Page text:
To pee or not to pee. That is the question.
North Carolina recently passed a law about bathrooms. The text of the law is 5 pages long, but it essentially states that when it comes to multiple occupancy bathroom and changing areas (such as locker rooms) in government controlled facilities, people will need to use facilities that correspond to their biological sex. Boys must use male facilities and girls must use girl facilities. It also prohibits law suits against private entities that institute similar policies.
The response to the law has been one of vehement anger by many corporations, individuals, celebrities and politicians. Those who support the law have been labeled as hateful and bigoted. Curt Schilling, a former All-Star baseball pitcher, lost his job with ESPN for tweeting in support of the law. Is it is easy to wonder how our society came to arrive at such a place.
I grew up in an era where the girl’s bathroom was a place of mystery. No male dared enter the girl’s bathroom for fear of eternal punishment. Accidentally walking into the wrong bathroom was one of the most shameful acts imaginable. It could take years for the facial redness to fade.
Shame was not limited to opposite sex facilities. As an adolescent male there was more than enough shame for a boy in the boy’s locker room. Puberty is cruel and it arrives on an inconsistent schedule. In the 7th grade locker room some boys were already men while for others signs of manhood had not even begun to appear. While I have no firsthand knowledge of the girl’s locker room I am certain there was similar variability. Young women at opposite ends of the pubertal spectrum dealt with similar angst. The thought of changing in the presence of someone with the opposite biologic gender would have been terrifying!
Yet a new variable is being introduced into the locker room equation, a transgendered one. Individuals born male (with male genitalia) who identify as female have sued school districts for the right to use girl’s locker rooms. Their belief is that it is unfair for them to not be able to have access to the same facilities as all of the other “girls”. Many of the other girls, who do not have penises, have expressed discomfort with having to change in the presence of someone who does. Remarkably, a federal court sided with the transgender student and against the district.(1)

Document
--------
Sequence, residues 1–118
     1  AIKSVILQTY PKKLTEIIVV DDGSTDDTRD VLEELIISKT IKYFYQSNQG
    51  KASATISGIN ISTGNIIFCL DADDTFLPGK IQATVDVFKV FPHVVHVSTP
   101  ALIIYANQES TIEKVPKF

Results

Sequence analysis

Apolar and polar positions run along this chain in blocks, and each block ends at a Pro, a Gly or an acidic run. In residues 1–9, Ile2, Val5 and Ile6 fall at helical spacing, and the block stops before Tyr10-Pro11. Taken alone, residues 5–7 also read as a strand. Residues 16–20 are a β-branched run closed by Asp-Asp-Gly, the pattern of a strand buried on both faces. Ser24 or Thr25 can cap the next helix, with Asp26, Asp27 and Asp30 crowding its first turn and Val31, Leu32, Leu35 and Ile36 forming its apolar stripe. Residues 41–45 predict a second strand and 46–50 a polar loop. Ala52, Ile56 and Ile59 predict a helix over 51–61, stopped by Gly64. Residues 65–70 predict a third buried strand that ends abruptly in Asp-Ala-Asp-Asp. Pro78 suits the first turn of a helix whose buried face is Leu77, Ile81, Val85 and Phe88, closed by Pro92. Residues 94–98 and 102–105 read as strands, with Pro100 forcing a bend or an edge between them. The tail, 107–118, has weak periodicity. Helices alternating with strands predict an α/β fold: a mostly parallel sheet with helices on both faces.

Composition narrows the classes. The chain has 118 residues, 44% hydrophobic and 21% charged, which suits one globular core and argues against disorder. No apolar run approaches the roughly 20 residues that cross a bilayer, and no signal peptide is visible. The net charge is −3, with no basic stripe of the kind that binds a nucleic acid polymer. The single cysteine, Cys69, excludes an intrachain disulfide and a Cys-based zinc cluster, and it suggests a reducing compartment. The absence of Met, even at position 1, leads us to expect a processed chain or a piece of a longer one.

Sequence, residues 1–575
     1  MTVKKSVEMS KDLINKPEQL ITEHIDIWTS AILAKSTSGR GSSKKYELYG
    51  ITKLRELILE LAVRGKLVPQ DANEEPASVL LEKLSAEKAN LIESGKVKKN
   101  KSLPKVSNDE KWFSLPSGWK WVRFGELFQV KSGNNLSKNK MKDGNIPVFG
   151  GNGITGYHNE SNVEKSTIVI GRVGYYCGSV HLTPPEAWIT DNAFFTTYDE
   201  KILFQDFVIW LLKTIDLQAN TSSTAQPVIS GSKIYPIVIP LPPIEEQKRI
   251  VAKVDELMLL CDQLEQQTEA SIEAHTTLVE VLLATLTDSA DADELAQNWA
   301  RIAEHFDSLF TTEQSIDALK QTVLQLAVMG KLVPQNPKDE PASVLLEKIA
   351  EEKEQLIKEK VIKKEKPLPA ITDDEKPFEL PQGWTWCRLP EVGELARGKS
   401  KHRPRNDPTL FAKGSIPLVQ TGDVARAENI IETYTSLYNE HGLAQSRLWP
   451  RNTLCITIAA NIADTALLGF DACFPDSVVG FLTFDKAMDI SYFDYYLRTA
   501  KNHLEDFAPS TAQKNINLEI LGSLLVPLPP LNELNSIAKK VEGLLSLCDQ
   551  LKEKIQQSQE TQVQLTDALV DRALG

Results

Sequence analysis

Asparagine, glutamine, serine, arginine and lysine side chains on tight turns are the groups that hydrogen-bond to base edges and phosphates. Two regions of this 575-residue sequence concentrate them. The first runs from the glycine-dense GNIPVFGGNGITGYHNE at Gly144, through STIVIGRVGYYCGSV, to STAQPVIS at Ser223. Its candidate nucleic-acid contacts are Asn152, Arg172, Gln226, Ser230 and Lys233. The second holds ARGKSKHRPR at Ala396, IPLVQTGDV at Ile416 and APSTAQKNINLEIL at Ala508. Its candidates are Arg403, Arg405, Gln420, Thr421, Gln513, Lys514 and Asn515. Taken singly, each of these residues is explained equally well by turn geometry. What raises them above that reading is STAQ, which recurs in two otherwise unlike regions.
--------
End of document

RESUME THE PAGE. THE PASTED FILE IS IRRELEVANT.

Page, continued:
The battle is not limited to middle and secondary schools. Elementary schools have been met with similar law suits. While there are typically no common circumstances in which fully disrobing occurs in elementary school, there have been arguments regarding bathroom use. Parents are understandably concerned that their young children who have not yet learned about the birds and the bees may not be emotionally equipped to process transgender issues. The problem is compounded by studies that have shown the overwhelming majority of “transgender” school age children ultimately identify as their biological sex. (2)An argument can be made that given the potential harm there is no need to accommodate what is likely to be only a temporary preference.
There are different concerns when it comes to adults. For the overwhelming majority of adults who are transgendered the reality is that if they have taken steps to appear as the gender with which they identify and use a bathroom stall there is very little chance of anyone even knowing their biological identity, much less objecting to it. Even if the law “prohibits” them from a facility the risk of prosecution is miniscule. The risk most often cited by proponents of laws such as North Carolina’s is instead the possibility of sexual predators taking advantage of the opportunity the law affords and preying on innocent women. While the risk of sexual assault is minimized by those who oppose the law, it is nonetheless real. There are documented instances where such assaults have occurred. (3,4)
Lawmakers are left with a difficult decision. Apart from the extremely costly and unrealistic option of mandating that all facilities be single user and non-gendered any policy implemented will favor one side of the debate over the other.
An often overlooked part of problem is the rarity of transgenderism (estimates I have seen range from 1/3000 to 1/12,000 or less). Rarity results in it being very difficult to make any scientific assertions as to the normalcy of the condition. It also makes it less reasonable to demand governmental protections. Even if a biologic cause is ultimately discovered it will not necessarily constitute evidence of normalcy, for there are many genetic conditions that are considered abnormal (sickle cell anemia, cystic fibrosis and other such diseases). Normalcy for such things is always a matter of value judgments rather than facts.
It is obvious that there is no solution that will be universally acceptable. There is nevertheless a common sense answer available. If a policy or practice has been followed for centuries without significant or widespread negative consequences, and there is not overwhelming evidence that it should be changed, it is best to leave it alone. A law such as the one in North Carolina should not be necessary but it is. The definitions of male and female that have been the foundation of societal relationships since the dawn of humanity need to be defended, as does the innocence of our children.
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